Colorado Outward Bound School Micro-Cabins
Located on a steep hillside in a lodgepole pine forest, these cabins were designed as micro dormitories for a community of outdoor educators. The cabins sit lightly on the landscape, directing views from private spaces towards trees, rock outcroppings and distant mountain views of the Mosquito Range. More public “community” views are directed into social spaces that develop from the organization of the cabins in relationship to one another. These community spaces are made up of front porches and the negative spaces between cabins.
To satisfy clients’ lodging and storage requirements, and to facilitate completion in three weeks of on-site construction, the cabins were conceived as two separate elements, a “box” and a “frame”. The “frame” acts as a storage device for the educators’ large gear (bikes, skis, kayaks, etc.) while simultaneously housing the cabin “box” and covered porches. The prefabricated cabin “box” rests in the frame under the protection of a “snow roof” designed to keep the winter snow load off the waterproofed roof below. Hot rolled steel provides a low maintenance rain screen for the box. This steel cladding and the vertical columns blend with the lodgepole forest minimizing the visual impact of the cabins. Structural taped glazing on the windows eliminates mullions and connects the occupants directly with natural views.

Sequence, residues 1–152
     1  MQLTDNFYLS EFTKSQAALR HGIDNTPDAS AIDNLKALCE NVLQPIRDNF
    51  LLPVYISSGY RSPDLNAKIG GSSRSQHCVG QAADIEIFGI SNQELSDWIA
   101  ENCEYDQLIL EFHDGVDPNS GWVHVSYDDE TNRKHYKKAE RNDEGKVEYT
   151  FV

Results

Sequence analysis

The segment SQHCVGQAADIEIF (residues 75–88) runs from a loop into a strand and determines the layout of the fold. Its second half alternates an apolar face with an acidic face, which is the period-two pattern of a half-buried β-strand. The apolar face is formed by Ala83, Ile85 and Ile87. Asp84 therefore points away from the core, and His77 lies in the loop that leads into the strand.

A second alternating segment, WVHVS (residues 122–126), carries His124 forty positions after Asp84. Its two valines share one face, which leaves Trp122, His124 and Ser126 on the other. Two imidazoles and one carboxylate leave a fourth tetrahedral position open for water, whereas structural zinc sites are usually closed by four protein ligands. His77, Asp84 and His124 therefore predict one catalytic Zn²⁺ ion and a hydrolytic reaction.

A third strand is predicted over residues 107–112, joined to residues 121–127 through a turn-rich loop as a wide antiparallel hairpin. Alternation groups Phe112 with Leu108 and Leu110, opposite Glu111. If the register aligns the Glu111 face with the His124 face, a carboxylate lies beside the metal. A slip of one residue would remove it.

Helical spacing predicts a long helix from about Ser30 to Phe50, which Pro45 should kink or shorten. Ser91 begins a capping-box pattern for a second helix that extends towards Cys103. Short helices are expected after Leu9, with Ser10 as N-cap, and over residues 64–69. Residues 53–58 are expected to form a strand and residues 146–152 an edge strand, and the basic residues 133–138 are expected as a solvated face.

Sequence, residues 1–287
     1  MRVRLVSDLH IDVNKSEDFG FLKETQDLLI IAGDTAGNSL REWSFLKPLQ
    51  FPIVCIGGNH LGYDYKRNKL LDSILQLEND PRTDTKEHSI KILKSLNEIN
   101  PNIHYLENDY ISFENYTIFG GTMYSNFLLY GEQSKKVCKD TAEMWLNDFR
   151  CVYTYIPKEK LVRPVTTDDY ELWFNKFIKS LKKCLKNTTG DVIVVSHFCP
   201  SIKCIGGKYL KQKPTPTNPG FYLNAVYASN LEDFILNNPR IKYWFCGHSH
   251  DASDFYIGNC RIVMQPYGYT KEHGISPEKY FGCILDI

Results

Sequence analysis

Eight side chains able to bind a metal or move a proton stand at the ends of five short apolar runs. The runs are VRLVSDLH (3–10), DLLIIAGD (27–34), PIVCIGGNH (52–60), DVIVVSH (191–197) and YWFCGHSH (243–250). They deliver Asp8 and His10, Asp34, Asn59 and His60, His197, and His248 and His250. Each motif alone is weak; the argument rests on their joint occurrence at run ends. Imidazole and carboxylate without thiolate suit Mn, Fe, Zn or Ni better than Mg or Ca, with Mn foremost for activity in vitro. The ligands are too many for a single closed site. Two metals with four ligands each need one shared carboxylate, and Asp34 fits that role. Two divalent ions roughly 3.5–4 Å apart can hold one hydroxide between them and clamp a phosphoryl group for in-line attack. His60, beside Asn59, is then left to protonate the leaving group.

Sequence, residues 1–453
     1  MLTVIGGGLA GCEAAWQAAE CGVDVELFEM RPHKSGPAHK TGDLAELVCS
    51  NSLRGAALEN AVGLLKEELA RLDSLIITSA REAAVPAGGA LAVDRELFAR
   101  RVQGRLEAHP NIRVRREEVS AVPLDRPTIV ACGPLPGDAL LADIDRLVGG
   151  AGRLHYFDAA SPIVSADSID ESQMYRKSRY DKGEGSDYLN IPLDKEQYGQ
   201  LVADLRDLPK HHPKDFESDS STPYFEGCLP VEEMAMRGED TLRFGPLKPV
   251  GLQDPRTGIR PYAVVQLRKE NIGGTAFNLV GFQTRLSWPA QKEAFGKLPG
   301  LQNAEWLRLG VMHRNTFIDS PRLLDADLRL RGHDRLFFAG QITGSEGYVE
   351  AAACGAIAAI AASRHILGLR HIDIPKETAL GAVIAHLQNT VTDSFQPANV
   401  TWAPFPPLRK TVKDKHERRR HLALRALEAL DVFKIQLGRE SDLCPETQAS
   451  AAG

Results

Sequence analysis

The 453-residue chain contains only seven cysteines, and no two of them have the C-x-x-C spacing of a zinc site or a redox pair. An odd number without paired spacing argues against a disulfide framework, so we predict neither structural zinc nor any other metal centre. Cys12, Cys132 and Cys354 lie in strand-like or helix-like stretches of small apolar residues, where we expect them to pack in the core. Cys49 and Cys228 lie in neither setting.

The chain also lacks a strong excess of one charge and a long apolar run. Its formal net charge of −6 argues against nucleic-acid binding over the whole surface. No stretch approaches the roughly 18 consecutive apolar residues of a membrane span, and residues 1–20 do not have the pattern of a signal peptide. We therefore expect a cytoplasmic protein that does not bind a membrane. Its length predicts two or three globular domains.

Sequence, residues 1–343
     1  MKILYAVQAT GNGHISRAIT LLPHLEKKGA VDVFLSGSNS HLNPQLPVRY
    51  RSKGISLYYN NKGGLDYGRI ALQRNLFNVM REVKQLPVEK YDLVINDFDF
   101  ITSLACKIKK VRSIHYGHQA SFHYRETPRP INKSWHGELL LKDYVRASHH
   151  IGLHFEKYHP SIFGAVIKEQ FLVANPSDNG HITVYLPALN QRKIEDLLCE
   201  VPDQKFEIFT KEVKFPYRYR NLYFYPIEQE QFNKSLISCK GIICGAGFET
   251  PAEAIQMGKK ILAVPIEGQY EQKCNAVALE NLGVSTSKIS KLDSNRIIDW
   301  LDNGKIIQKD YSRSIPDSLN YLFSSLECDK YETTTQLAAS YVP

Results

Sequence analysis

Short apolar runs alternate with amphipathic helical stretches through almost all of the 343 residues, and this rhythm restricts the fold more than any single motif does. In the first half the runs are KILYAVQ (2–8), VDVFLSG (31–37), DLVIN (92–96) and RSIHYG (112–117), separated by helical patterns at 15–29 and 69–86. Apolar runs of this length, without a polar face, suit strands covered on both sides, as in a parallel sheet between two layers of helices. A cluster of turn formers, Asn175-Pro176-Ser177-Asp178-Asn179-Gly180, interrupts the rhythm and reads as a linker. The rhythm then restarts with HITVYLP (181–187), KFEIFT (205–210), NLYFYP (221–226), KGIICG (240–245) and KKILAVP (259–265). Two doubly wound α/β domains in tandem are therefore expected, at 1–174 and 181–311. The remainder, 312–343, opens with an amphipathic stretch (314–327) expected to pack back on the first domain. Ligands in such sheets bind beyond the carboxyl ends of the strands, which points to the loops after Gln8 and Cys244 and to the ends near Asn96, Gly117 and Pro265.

The interior of the cabin is skinned in CNC’d birch plywood bringing warmth to the interior and evoking a connection with the trees surrounding the site. The plywood is specifically milled to accommodate desks, beds and storage for each user. The walls and CNC’d plywood were prefabricated in Denver, flat packed onto trucks and shipped to Leadville to shorten the on-site construction timeline.
The structures frame consists of steel columns and beams with a wood framed, treated, deck. The snow roof is mechanically fastened to the steel using powder actuated fasteners. The snow roof is made from steel "N" decking typically used as a pan for concrete floors. The roof material was choosen becasue it can span long distances without additional supports, is durable and is a material match for the rest of the frame.
The cabin box is made from prefabricated wall panels, custom CNC'd 3/4" Birch plywood interiors and a hot rolled steel rainscreen.
This project was designed and built by 28 graduate students in 19 weeks. A team of interdisciplinary faculty and professionals helped guide the process. The project showcases architect lead design build and the ingenuity of an integrated project delivery design team.